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Freelance TV producer Fanta Jarjussey has called out a toxic culture of racism, bullying and long working hours that led to her to quit the industry after 13 years.

In a self-published blog, Jarjussey listed the 10 factors that drove her to leave TV to look after her own mental wellbeing and look at alternative careers.

She describes how unjust working conditions left her “depressed, mentally and emotionally fatigued and spiritually depleted”.

Gambia-born Jarjussey, a former MTV UK journalist who has worked on reality shows such as Channel 4’s The Circle and Lego Masters and Channel 5’s Bad Habits, Holy Orders, pulls no punches in her criticisms of how TV treats its workforce.

She declares TV’s structural diversity problem as “one rule for them and another for us”.

The industry was, she says, “clearly set up to protect and elevate the careers of those who they identify with most whilst vilifying, stereotyping, sabotaging, racial profiling, bullying, punishing and isolating those who don’t fit the mould or bend to their will. It is simply one rule for them and another for us.”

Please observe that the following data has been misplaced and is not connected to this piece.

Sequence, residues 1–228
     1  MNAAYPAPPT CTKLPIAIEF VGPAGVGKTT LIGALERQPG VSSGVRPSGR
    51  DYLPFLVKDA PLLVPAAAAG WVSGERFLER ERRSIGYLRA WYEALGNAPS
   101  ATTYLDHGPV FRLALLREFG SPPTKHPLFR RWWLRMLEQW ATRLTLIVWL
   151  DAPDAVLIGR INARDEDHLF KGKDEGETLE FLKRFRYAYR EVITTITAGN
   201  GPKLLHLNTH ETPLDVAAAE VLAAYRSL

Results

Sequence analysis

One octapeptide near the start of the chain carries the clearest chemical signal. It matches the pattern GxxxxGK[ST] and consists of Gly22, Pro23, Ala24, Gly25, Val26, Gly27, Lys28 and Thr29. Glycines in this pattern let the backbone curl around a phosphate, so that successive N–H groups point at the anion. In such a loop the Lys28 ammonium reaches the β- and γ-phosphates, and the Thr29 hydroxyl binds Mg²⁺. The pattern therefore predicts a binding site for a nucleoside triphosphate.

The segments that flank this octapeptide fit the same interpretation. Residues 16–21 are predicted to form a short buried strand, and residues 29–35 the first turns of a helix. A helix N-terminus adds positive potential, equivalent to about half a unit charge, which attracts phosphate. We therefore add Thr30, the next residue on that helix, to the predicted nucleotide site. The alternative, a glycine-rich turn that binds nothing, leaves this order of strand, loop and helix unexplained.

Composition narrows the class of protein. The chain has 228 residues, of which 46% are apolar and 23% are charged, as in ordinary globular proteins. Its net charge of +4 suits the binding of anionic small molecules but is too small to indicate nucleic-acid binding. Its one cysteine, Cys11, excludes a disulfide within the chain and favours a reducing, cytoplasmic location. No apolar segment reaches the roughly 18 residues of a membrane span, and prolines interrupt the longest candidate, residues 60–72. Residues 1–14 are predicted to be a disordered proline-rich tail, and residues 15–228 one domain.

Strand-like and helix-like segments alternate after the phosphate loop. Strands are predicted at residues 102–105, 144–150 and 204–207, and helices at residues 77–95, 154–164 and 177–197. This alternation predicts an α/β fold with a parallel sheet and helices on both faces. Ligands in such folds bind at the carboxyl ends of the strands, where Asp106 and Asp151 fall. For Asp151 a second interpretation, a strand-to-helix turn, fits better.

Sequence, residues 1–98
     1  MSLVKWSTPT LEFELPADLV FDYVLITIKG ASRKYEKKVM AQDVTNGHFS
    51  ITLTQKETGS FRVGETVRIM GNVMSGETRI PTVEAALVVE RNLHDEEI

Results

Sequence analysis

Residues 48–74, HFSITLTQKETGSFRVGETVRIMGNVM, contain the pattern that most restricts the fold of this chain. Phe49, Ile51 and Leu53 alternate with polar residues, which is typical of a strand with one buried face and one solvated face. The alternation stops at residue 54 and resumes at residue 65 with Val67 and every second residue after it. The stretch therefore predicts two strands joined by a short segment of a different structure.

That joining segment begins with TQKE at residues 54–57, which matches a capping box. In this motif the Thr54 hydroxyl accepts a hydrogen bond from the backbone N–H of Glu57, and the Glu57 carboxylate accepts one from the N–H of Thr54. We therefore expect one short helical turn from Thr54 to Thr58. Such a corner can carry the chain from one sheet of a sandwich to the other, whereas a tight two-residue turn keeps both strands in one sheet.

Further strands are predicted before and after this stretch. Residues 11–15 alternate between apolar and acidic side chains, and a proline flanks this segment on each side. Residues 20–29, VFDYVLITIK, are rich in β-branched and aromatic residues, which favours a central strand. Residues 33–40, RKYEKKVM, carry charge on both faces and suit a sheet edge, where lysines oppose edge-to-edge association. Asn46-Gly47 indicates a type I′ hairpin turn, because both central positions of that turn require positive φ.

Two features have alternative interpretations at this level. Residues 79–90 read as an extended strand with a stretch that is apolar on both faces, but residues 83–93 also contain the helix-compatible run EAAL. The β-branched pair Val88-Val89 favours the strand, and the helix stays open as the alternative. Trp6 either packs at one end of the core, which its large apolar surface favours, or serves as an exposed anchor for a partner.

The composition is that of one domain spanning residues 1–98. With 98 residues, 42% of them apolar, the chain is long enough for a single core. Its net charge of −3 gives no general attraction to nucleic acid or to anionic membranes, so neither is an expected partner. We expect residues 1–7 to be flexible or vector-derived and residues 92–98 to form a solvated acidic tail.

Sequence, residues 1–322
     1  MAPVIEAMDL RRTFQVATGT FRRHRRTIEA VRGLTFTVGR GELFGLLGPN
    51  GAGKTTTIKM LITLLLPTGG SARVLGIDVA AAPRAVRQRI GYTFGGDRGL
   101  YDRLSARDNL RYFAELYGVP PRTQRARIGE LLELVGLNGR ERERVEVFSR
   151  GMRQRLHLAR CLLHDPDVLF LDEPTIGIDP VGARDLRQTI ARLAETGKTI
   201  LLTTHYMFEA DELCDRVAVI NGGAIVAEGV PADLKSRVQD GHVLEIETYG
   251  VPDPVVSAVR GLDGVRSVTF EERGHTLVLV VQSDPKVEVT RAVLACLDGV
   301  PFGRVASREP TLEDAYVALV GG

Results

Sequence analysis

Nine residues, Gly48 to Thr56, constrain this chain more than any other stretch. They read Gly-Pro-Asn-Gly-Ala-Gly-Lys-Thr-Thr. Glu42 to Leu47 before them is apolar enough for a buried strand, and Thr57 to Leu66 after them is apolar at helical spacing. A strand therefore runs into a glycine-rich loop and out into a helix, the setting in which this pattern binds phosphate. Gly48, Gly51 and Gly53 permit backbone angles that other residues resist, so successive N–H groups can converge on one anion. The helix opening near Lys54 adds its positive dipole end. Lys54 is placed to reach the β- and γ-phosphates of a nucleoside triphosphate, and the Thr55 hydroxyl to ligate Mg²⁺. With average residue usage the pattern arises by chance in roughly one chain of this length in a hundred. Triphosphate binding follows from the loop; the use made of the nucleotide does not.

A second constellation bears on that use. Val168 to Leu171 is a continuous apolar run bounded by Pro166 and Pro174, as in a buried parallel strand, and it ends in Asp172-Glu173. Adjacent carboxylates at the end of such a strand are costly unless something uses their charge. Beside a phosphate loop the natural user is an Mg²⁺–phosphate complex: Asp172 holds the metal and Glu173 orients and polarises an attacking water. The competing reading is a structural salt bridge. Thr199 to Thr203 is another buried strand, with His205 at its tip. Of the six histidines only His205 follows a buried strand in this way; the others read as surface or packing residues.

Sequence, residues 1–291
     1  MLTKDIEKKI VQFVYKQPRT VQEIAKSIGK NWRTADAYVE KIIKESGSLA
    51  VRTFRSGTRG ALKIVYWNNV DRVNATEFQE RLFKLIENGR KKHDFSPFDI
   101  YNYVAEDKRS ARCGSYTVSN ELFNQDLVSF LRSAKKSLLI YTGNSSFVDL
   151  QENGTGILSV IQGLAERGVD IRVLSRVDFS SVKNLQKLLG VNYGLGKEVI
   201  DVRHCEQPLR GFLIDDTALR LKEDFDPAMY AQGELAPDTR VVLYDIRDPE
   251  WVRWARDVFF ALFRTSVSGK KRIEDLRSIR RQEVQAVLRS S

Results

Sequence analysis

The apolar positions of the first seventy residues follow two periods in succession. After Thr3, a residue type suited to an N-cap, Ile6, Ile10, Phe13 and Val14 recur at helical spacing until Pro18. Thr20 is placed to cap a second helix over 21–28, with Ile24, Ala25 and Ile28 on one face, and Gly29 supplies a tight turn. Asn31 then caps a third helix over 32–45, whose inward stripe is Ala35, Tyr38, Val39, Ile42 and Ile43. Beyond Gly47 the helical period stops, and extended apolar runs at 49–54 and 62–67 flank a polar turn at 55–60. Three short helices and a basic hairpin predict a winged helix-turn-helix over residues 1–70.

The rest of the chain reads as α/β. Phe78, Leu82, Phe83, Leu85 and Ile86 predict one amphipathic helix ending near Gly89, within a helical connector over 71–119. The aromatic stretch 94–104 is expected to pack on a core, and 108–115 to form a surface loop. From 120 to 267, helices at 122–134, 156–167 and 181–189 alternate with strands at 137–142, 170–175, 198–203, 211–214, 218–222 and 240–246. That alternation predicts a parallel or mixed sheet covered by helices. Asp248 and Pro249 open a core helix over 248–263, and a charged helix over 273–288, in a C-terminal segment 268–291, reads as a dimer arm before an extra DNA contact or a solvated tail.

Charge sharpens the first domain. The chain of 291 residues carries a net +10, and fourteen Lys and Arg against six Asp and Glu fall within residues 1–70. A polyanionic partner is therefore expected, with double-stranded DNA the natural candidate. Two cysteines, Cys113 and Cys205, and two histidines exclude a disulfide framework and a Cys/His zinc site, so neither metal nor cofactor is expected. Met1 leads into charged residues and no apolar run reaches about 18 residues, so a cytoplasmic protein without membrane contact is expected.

Jarjussey’s journey is one of disillusionment and burnout; she describes persevering despite slowly losing her enthusiasm, until it became untenable with her mental health.

“I didn’t want to fail, I thought the challenges I was facing were normal after a while and to succeed meant that I had to endure it all but I eventually came to the realisation that this was an illusion.

“The more I worked and pushed myself, the less peace and contentment I had. The farther away I got from my childhood dreams, goals and visions, the more contracts I was offered.”

She describes how a “pick-me” freelancer culture, a “crippling” fear of rejection and financial insecurity and anxiety, combines to impact wellbeing, inflated by an exaggerated importance of the work.

“In the grand scheme of things, most programmes are not saving lives or benefitting society and humanity at large in any way shape or form so truly, it’s a hollow and worthless sacrifice of good overall health to make,” she writes.

Other factors she identifies include squaring the demands of the work with one’s morals and ethics, particularly in reality and TV, and the “backstabbing”, “cliques” and egos that hinder collaboration.

Read the piece in full here

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